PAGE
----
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Supporting first families during a pandemic

One of the biggest gifts of social media for me as an adoptive parent has been the chance to really stand in the shoes of parents who have made an adoption plan for their children. Or parents who have had involvement with the foster care system (*side note: I haven't found anyone online who writes about being a parent who lost custody of their child to the foster care system, like my kids' parents did, but I'd like to hear that perspective also).

Hearing from these parents, usually mothers, has helped me to understand and emphasize with what they go through being separated from their children. Their guidance, plus years of working hard at educating myself and unlearning what society had taught me, has helped me be a better mom to my kids. By being a better human to their parents.

We are currently in the middle of the Corona virus crisis. Currently, one of our kid's family does not have contact with us (their choice). I do have contact with our other child's family, mostly his first mother. We message on Facebook and occasionally text.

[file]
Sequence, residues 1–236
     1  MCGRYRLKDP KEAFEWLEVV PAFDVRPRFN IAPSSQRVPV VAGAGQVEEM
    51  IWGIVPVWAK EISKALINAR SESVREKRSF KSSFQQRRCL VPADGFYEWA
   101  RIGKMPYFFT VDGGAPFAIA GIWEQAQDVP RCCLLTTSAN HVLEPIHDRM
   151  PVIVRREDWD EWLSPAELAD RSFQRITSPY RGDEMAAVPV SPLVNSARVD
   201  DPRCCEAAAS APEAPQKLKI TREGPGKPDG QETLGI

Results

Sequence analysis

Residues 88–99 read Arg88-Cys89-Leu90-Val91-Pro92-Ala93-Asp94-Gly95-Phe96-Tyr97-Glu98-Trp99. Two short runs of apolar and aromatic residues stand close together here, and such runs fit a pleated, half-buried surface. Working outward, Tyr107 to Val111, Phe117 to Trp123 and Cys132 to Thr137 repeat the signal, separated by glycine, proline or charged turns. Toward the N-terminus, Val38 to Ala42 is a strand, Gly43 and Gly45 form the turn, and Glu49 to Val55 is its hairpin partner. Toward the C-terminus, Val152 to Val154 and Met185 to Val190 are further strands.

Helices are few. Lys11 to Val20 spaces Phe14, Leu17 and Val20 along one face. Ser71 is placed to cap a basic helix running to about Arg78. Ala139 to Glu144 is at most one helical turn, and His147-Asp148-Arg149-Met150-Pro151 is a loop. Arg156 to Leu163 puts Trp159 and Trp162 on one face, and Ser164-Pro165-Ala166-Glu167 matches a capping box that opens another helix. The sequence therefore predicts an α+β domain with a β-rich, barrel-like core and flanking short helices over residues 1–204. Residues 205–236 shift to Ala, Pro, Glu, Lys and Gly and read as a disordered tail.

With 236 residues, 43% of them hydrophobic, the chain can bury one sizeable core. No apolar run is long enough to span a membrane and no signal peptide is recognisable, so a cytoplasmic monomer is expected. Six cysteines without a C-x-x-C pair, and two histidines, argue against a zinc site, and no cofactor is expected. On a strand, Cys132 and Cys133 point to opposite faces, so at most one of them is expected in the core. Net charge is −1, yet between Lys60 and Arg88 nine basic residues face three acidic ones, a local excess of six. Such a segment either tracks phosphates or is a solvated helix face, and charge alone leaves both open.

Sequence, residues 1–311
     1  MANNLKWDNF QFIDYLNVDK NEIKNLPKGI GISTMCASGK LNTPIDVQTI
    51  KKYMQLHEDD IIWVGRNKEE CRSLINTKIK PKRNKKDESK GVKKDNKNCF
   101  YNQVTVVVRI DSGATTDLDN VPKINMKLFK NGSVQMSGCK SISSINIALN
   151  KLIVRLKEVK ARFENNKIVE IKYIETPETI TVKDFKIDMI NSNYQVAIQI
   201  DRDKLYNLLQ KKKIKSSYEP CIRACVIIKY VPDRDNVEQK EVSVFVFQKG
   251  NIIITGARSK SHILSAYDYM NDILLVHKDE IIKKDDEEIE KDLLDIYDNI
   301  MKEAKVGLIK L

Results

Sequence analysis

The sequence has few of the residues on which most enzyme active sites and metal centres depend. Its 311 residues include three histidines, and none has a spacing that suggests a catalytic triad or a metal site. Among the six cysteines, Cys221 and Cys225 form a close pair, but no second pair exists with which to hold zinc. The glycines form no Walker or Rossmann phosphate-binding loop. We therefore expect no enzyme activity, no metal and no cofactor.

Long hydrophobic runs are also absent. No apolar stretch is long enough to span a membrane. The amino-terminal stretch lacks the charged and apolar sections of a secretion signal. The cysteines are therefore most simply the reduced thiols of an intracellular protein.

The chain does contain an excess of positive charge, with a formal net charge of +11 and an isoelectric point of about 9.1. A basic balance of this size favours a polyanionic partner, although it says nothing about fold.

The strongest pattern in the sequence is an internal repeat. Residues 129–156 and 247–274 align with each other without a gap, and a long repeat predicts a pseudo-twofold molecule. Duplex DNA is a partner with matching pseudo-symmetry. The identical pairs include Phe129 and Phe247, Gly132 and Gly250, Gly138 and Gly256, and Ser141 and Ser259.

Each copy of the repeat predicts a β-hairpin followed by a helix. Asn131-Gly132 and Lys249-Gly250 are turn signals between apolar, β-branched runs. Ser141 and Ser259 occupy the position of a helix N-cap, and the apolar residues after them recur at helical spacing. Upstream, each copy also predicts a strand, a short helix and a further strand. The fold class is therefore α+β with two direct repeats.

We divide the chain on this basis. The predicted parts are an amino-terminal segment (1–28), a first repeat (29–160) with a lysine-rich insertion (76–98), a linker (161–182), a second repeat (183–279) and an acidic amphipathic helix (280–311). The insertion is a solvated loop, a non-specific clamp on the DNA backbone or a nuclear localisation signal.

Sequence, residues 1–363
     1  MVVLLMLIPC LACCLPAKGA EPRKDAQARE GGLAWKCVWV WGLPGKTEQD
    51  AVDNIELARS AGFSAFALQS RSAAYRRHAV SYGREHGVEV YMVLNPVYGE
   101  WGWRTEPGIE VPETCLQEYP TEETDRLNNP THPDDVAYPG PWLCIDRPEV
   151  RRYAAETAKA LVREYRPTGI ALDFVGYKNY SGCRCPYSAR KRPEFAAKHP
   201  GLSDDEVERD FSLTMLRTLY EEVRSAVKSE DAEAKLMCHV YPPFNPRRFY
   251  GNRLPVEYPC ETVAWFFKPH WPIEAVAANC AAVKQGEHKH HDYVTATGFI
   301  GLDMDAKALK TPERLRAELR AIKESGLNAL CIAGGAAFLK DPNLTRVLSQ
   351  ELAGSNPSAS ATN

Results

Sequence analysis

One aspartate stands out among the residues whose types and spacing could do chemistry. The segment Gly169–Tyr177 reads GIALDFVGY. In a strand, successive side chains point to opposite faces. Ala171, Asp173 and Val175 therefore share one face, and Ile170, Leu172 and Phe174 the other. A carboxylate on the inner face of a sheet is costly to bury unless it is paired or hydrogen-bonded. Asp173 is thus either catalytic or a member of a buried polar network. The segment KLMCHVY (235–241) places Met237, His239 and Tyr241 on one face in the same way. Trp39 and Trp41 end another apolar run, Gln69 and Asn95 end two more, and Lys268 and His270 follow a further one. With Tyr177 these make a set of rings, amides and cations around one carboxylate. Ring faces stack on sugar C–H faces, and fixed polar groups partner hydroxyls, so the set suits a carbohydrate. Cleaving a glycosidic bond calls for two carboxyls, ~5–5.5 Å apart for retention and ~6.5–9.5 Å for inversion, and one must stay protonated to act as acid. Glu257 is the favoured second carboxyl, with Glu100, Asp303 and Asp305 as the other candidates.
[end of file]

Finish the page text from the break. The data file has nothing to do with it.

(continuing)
I usually message her on special days, like holidays and his birthday. I hadn't heard back since messaging her on his birthday this past March. I didn't plan on reaching out about this whole pandemic thing. I guess I figured she would reach out to me if she wanted to check on him.

And then a birth mama that I follow online reminded adoptive parents to reach out during scary times like these. She reminded us that we have the PRIVILEGE of being right here and KNOWING that our kids are okay, but that their first parents don't have that.

She reminded us that those parents might be scared to reach out. Or yeah, they might be in a bad place right now, with other things getting in the way of them being healthy enough to check on their child.

But there isn't anything getting in our way.

Adoptive and foster parents, make the call. Send the text. Send the whatsapp message. Send the photo.

Today I messaged my son's other mom. I asked her if her family was okay, and I told her that we were okay, that he was okay.

I didn't hear back from her, and that doesn't matter. It was still the human thing to do.

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